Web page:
This page describes the Stochastic Gradient Descent (SGD) linear SVM solver. SGD minimizes directly the primal SVM objective (see Support Vector Machines (SVM)):

$E(\bw) = \frac{\lambda}{2} \left\| \bw \right\|^2 + \frac{1}{n} \sum_{i=1}^n \ell_i(\langle \bw,\bx\rangle)$

Firts, rewrite the objective as the average

$E(\bw) = \frac{1}{n} \sum_{i=1}^n E_i(\bw), \quad E_i(\bw) = \frac{\lambda}{2} \left\| \bw \right\|^2 + \ell_i(\langle \bw,\bx\rangle).$

Then SGD performs gradient steps by considering at each iteration one term $E_i(\bw)$ selected at random from this average. In its most basic form, the algorithm is:

• Start with $\bw_0 = 0$.
• For $t=1,2,\dots T$:
• Sample one index $i$ in $1,\dots,n$ uniformly at random.
• Compute a subgradient $\bg_t$ of $E_i(\bw)$ at $\bw_t$.
• Compute the learning rate $\eta_t$.
• Update $\bw_{t+1} = \bw_t - \eta_t \bg_t$.

Provided that the learning rate $\eta_t$ is chosen correctly, this simple algorithm is guaranteed to converge to the minimizer $\bw^*$ of $E$.

# Convergence and speed

The goal of the SGD algorithm is to bring the primal suboptimality below a threshold $\epsilon_P$:

$E(\bw_t) - E(\bw^*) \leq \epsilon_P.$

If the learning rate $\eta_t$ is selected appropriately, SGD can be shown to converge properly. For example,  show that, since $E(\bw)$ is $\lambda$-strongly convex, then using the learning rate

$\boxed{\eta_t = \frac{1}{\lambda t}}$

guarantees that the algorithm reaches primal-suboptimality $\epsilon_P$ in

$\tilde O\left( \frac{1}{\lambda \epsilon_P} \right).$

iterations. This particular SGD variant is sometimes known as PEGASOS  and is the version implemented in VLFeat.

The convergence speed is not sufficient to tell the learning speed, i.e. how quickly an algorithm can learn an SVM that performs optimally on the test set. The following two observations can be used to link convergence speed to learning speed:

• The regularizer strength is often heuristically selected to be inversely proportional to the number of training samples: $\lambda = \lambda_0 /n$. This reflects the fact that with more training data the prior should count less.
• The primal suboptimality $\epsilon_P$ should be about the same as the estimation error of the SVM primal. This estimation error is due to the finite training set size and can be shown to be of the order of $1/\lambda n = 1 / \lambda_0$.

Under these two assumptions, PEGASOS can learn a linear SVM in time $\tilde O(n)$, which is linear in the number of training examples. This fares much better with $O(n^2)$ or worse of non-linear SVM solvers.

# The bias term

Adding a bias $b$ to the SVM scoring function $\langle \bw, \bx \rangle +b$ is done, as explained in Adding a bias, by appending a constant feature $B$ (the bias multiplier) to the data vectors $\bx$ and a corresponding weight element $w_b$ to the weight vector $\bw$, so that $b = B w_b$ As noted, the bias multiplier should be relatively large in order to avoid shrinking the bias towards zero, but small to make the optimization stable. In particular, setting $B$ to zero learns an unbiased SVM (vl_svm_set_bias_multiplier).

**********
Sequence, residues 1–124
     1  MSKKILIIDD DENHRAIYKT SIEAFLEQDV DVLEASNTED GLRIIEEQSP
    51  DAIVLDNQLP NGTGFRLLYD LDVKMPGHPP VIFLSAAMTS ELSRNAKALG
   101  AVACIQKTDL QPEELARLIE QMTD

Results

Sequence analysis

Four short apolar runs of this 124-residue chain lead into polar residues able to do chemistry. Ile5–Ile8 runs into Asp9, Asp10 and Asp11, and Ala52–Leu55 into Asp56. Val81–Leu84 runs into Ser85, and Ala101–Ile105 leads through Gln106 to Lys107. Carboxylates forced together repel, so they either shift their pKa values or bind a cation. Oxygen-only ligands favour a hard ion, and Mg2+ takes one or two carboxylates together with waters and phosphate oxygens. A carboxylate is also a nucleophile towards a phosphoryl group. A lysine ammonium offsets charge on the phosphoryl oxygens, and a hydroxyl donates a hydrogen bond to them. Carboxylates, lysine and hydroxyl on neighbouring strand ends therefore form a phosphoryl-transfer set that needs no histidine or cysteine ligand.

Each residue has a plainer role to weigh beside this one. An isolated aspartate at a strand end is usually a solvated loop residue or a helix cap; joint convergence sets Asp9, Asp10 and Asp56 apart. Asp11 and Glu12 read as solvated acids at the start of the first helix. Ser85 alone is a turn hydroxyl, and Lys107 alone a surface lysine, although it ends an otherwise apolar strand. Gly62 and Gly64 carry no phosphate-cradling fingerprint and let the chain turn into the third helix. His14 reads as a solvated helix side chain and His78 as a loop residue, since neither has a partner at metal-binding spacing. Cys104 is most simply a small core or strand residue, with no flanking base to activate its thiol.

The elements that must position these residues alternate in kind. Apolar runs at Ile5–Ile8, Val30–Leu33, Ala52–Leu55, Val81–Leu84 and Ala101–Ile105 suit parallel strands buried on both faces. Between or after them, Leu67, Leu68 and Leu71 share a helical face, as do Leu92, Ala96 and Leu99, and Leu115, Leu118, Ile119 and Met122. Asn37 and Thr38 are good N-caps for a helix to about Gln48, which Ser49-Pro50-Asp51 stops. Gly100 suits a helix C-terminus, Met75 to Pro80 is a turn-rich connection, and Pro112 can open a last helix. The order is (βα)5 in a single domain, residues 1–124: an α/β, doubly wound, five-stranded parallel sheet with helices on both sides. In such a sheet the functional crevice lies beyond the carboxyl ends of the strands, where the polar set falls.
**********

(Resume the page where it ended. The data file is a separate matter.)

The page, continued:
To counter instability caused by a large bias multiplier, the learning rate of the bias is slowed down by multiplying the overall learning rate $\eta_t$ by a bias-specific rate coefficient (vl_svm_set_bias_learning_rate).

As a rule of thumb, if the data vectors $\bx$ are $l^2$ normalized (as they typically should for optimal performance), then a reasonable bias multiplier is in the range 1 to 10 and a reasonable bias learning rate is somewhere in the range of the inverse of that (in this manner the two parts of the extended feature vector $(\bx, B)$ are balanced).

Initially, the learning rate $\eta_t = 1/\lambda t$ is usually too fast: as usually $\lambda \ll 1$, $\eta_1 \gg 1$. But this is clearly excessive (for example, without a loss term, the best learning rate at the first iteration is simply $\eta_1=1$, as this nails the optimum in one step). Thus, the learning rate formula is modified to be $\eta_t = 1 / \lambda (t + t_0)$, where $t_0 \approx 2/\lambda$, which is equivalent to start $t_0$ iterations later. In this manner $\eta_1 \approx 1/2$.

## Warm start

Starting from a given model $\bw$ is easy in SGD as the optimization runs in the primal. However, the starting iteration index $t$ should also be advanced for a warm start, as otherwise the initial setting of $\bw$ is rapidly forgot (vl_svm_set_model, vl_svm_set_bias, vl_svm_set_iteration_number).

# Implementation details

Random sampling of points

Rather than visiting points completely at random, VLFeat SDCA follows the best practice of visiting all the points at every epoch (pass through the data), changing the order of the visit randomly by picking every time a new random permutation.

Factored representation

At each iteration, the SGD algorithm updates the vector $\bw$ (including the additional bias component $w_b$) as $\bw_{t+1} \leftarrow \bw_t - \lambda \eta_t \bw_t - \eta_t \bg_t$, where $\eta_t$ is the learning rate. If the subgradient of the loss function $\bg_t$ is zero at a given iteration, this amounts to simply shrink $\bw$ towards the origin by multiplying it by the factor $1 - \lambda \eta_t$. Thus such an iteration can be accelerated significantly by representing internally $\bw_t = f_t \bu_t$, where $f_t$ is a scaling factor. Then, the update becomes

$f_{t+1} \bu_{t+1} = f_{t} \bu_{t} - \lambda \eta_t f_{t} \bu_{t} - \eta_t \bg_t = (1-\lambda \eta_t) f_{t} \bu_{t} - \eta_t \bg_t.$

Setting $f_{t+1} = (1-\lambda \eta_t) f_{t}$, this gives the update equation for $\bu_t$

$\bu_{t+1} = \bu_{t} - \frac{\eta_t}{f_{t+1}} \bg_t.$

but this step can be skipped whenever $\bg_t$ is equal to zero.

When the bias component has a different learning rate, this scheme must be adjusted slightly by adding a separated factor for the bias, but it is otherwise identical.